Sunday, April 30, 2017

Audiobooks for Summer Reading: Research + Recommendations

I have seen the power of audiobooks throughout my professional and personal life. They engage readers, help them build mental images of stories, and develop children's vocabulary. I am excited to share my experiences and recommendations, along with a survey of current research on the impact of audiobooks, in an upcoming EdWeb webinar:
Preventing the Summer Slide with Audiobooks
Monday, May 8, 2017 @ 4:00 pm - 5:00 pm EDT
via, sponsored by Tales2Go
Reading during the summer is essential, as the vast majority of parents and children know. Yet still, many students only read a handful of books during this 3 month break. The result is that they lose many of the gains they've made during the school year. This impacts students across the board, but has a especially significant impact on low-income students.

Listening to professionally narrated audiobooks is a great way to prevent the “summer slide.” In this edWeb webinar, I will present research findings from a 2016 study looking at the effect of adding a listening component to literacy instruction—in school and at home. I will specifically address its impact on student vocabulary, reading comprehension and motivation to read. I will put this in a broader context of reading develop, examining reasons why listening comprehension is key to developing strong readers.

I will also share my experience watching students use audiobooks on a regular basis and consider the importance of providing year-round digital access to audiobooks. Finally, I will share recommendations of some of our favorite audiobooks for summer listening.

This live, interactive session is designed for PreK-12 librarians as well as reading coaches, ELL specialists/teachers, Title I teachers and administrators, district librarians, and classroom teachers. Join us to learn how to prevent the summer slide with audiobooks!

©2017 Mary Ann Scheuer, Great Kid Books


  1. As a writer, I raised two girls on audiobooks. We played them in the car, in the house. As a result, they began testing at a post high school "oral" vocabulary in elementary school. I remember, one day, a fourth grade teacher accused me of writing my daughter's homework - a short story in which she used the phrase "he stood there, transfixed." I told her to put my daughter on speakerphone. I then asked "Do you know what that word means?" My daughter replied, "Don't you? It means he was riveted!"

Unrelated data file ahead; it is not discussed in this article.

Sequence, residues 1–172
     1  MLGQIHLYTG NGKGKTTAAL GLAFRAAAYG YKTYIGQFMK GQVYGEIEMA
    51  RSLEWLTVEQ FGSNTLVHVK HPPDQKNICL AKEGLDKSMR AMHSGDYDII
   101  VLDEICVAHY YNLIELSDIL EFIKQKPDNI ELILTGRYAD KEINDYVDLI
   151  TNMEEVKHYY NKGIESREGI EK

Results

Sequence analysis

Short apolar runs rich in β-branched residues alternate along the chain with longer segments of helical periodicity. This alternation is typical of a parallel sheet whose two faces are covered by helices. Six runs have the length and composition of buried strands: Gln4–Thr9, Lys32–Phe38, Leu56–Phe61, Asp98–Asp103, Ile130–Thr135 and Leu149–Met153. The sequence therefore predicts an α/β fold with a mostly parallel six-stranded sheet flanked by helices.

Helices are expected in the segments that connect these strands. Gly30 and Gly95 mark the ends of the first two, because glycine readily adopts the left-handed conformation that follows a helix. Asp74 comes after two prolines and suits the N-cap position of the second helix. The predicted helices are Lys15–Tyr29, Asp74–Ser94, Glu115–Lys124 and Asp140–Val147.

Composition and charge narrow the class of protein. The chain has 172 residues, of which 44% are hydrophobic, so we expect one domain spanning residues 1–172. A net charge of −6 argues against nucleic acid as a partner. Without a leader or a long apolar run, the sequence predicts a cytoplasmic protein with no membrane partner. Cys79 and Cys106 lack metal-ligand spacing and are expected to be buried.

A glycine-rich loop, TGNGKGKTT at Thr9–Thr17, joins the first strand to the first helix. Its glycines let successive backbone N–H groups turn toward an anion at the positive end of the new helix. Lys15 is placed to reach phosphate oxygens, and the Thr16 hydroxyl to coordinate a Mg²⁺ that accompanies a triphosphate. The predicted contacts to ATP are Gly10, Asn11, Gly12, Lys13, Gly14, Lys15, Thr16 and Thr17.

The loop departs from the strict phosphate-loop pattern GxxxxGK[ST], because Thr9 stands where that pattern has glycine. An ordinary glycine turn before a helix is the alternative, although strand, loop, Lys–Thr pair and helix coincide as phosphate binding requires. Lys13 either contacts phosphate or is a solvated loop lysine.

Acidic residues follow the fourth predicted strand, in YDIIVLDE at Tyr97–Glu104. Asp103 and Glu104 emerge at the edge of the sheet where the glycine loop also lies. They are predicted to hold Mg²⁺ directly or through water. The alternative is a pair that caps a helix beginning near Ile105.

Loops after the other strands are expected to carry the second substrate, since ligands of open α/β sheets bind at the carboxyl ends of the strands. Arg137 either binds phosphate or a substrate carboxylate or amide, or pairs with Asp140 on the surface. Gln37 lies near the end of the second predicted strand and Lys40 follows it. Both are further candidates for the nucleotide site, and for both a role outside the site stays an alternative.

The teacher said "Oh. Our kids don't use language that sophisticated." I said "They would if they listened to audiobooks. We also use the same language in the house."

    So yes - I often coach parents, especially in urban areas where students enter school with a lower than average vocabulary, to check out audiobooks in the library and play them in the car or at bathtime. Or even at bedtime if they're too tired to read to their children. Hearing advanced language in context is key.

    A few months ago, a local elementary school invited me to read to parents at an evening event. The principal reported she'd been reading my middle grade series to second graders. In one scene, the protagonist cuts his hair much to the horror of his father. He asked his father if he thought the mother would go "ballistic" over the choice. The principal said she asked the second graders to discuss with a partner the meaning of that word in the book. The kids then told her "It means his mother is going to get really mad!"

    The principal then asked parents to get the book and read it to their children. She said "This is an author who doesn't talk 'down' to our children."

    Language - in context - without pictures - can often be a useful tool. Kids are much smarter and much more absorbent sponges than we give them credit for being.

    1. Thank you so much for sharing this -- yes, yes, yes. Audiobooks really make an impact.